Thursday, February 2, 2006
Rare is the public figure who can thrill policy wonks and rabble-rousers at the same time. Richard Butler, the illustrious former chief United Nations weapons inspector in Iraq, is coming to Monterey on Tuesday to talk about US-UN relations. Get there early: He’s such a figure.
The outspoken Australian diplomat served as chairman of the UN Special Commission to Disarm Iraq (UNSCOM) from 1997 to 1999, a tenure marked by controversy. In his quest to root out Iraq’s weapons of mass destruction, Butler pushed for access to the presidential palace and other sites considered off-limits by Iraqi officials. He bluntly complained his hosts weren’t cooperating. The Iraqis in turn accused him of being the Americans’ toady, trying to provoke them in order to justify air strikes. They also accused UNSCOM of spying. Butler pulled his inspectors out of Iraq in December 1998, blaming an “enormous” Iraqi bureaucracy dedicated to thwarting UNSCOM’s efforts.
Before all that, Butler was Australia’s permanent representative to the UN from 1992 to 1997, during which time he worked on three important projects. In 1994 he helped establish UNAIDS, a new grouping of UN agencies working to stop the spread of HIV/AIDS. The next year he chaired the World Summit for Social Development, which led to the Millennium Development Goals aimed at ending the world’s worst poverty by 2015. In 1996 Butler shepherded the Comprehensive Test Ban Treaty through the General Assembly.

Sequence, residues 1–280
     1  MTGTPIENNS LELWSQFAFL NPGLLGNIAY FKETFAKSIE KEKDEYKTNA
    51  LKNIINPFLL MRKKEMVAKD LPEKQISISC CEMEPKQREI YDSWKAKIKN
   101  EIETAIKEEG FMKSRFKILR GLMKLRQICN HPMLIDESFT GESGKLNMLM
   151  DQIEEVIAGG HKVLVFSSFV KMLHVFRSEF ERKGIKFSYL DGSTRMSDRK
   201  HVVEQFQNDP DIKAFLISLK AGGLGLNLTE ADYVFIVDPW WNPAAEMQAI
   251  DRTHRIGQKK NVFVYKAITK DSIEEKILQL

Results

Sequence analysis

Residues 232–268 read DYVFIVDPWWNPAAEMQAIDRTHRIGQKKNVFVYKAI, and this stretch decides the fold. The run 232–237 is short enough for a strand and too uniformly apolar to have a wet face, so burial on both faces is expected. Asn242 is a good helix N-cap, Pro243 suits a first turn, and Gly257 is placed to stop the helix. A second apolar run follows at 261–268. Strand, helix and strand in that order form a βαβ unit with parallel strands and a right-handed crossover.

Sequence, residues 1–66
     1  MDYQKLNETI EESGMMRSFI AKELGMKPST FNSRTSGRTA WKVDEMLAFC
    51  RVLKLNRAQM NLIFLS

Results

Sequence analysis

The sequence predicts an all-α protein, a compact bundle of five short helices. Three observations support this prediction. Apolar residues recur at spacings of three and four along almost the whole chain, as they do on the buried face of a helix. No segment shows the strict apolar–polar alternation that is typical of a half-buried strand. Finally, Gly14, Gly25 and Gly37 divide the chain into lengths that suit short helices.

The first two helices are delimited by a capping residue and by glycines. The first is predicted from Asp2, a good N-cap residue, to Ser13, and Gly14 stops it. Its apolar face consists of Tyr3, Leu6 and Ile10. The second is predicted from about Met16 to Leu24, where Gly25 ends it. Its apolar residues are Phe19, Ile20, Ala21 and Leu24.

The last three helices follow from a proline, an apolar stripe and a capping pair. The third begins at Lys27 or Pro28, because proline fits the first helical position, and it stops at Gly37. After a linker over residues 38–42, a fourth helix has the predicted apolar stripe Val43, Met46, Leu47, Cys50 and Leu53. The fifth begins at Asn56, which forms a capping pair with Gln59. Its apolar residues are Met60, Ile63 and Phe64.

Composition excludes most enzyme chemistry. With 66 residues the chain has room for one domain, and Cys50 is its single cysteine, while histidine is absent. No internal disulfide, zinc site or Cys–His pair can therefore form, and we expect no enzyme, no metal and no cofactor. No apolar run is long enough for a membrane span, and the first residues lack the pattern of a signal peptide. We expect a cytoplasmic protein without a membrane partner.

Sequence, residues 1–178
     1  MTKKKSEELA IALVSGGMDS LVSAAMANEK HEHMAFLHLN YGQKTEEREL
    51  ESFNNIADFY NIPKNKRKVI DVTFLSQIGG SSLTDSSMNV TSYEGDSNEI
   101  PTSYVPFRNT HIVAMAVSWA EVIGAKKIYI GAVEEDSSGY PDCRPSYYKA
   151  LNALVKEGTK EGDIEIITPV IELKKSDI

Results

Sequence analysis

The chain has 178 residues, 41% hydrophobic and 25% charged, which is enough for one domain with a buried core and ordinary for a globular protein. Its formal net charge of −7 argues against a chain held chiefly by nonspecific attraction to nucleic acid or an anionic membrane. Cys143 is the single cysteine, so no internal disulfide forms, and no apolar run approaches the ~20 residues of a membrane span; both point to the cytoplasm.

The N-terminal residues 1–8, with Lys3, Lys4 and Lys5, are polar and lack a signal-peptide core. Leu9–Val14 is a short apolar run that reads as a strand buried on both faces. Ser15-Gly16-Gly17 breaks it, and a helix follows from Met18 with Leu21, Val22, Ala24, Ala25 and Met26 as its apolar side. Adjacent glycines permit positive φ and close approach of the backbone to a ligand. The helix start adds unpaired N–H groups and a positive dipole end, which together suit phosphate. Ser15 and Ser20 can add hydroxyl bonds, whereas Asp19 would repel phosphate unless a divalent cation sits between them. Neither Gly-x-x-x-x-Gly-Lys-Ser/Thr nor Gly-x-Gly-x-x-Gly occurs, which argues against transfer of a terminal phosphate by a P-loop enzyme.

<>After UNSCOM, Butler wrote two books about nuclear weapons. But it was with the advent of the Iraq War that he really started to rip the Yankee unilateral antics he observed. In an interview in February 2003, hours before dashing off to an anti-war demonstration in Sydney, Butler ranted that going to war without the Security Council’s blessing would “trash 50 years of post-World War II international law and replace it with the rule that might is right, and that’s what we’ve been trying to get away from.” Butler has since inveighed against Washington’s approval of bunker-busters and labeled US negotiators “terrorists” for trying to water down UN anti-poverty goals.>
Bizarrely, Butler was named Governor of Tasmania in late 2003 and resigned 10 months later in a cloud of controversy over absences and a high salary. Just before his inauguration he said it was time to be done with “being a bit of a political lightning rod” and move “into the more tranquil business of governorship.” Doesn’t look like things worked out that way for him, but so much the better for us.
RICHARD BUTLER SPEAKS AT 7PM ON TUESDAY FEB. 7, AT THE SAMSON STUDENT CENTER OF THE MONTEREY INSTITUTE FOR INTERNATIONAL STUDIES, 453 VAN BUREN ST., MONTEREY. ADMISSION IS FREE, BUT SPACE IS LIMITED.